I gathered them around me on the couch and reminded them again of what we had said earlier about stories and how behind their feelings was also a story waiting to be listened to. Then I asked them if quietly they could just be with how they felt inside their tummies about starting swimming lessons. David (8) quieted down quickly. John (6) took a little more time as he started to giggle. Then, within a minute or so, David said, “Mommy, I’m so scared that I’m going to drown.” His eyes were gently cast down and the release he had was very visible as his whole body relaxed.
This was such a moving experience for me, because the previous summer David had jumped into the deep end of the pool when his instructor asked him to, not even aware that he couldn’t stay up. It was a very frightening experience for him and he apparently was still carrying this trauma around inside.
After staying with David a short while so that he could sense more fully how he now felt inside, John interrupted to ask if we had time for him to draw a picture. I had told them previously about drawing their stories as well. We had a few minutes left, so he drew a large swimming pool with lots of details-a diving board, bushes around the lawn, people in a group and then himself standing all alone near one end of the pool. He talked a little about it in showing me the drawing and then we had to get ready to leave for the lessons. What amazed me, though, was the abrupt change in their behavior. There was now a calmness and actual excitement about starting instructions and no more hanging around under my feet.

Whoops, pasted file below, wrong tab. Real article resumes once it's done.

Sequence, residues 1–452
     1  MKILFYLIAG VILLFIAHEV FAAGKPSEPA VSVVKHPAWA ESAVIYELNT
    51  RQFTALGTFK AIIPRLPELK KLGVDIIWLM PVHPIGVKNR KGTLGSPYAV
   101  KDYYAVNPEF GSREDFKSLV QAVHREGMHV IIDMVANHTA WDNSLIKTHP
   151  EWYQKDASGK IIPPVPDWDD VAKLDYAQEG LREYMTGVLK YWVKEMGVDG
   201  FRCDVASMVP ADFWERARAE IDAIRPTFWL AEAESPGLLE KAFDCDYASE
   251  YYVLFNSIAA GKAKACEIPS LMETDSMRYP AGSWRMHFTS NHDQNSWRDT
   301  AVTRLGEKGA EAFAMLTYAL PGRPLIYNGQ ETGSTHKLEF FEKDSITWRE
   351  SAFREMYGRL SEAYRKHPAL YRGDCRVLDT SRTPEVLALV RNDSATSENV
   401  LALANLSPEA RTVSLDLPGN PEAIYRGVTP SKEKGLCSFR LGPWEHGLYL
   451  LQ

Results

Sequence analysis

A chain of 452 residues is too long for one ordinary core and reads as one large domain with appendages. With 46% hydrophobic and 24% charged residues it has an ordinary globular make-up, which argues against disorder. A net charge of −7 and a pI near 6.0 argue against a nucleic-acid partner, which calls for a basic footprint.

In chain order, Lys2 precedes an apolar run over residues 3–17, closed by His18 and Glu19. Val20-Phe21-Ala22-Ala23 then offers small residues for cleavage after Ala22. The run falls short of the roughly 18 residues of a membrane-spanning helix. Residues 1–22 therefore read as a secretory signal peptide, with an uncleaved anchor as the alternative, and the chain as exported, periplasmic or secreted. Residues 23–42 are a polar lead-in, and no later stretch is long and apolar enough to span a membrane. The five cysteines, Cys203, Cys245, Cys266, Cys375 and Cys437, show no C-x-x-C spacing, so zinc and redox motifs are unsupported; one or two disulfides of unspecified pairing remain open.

You have to be willing to leave
your projects and just go sit with
a child when the need arises.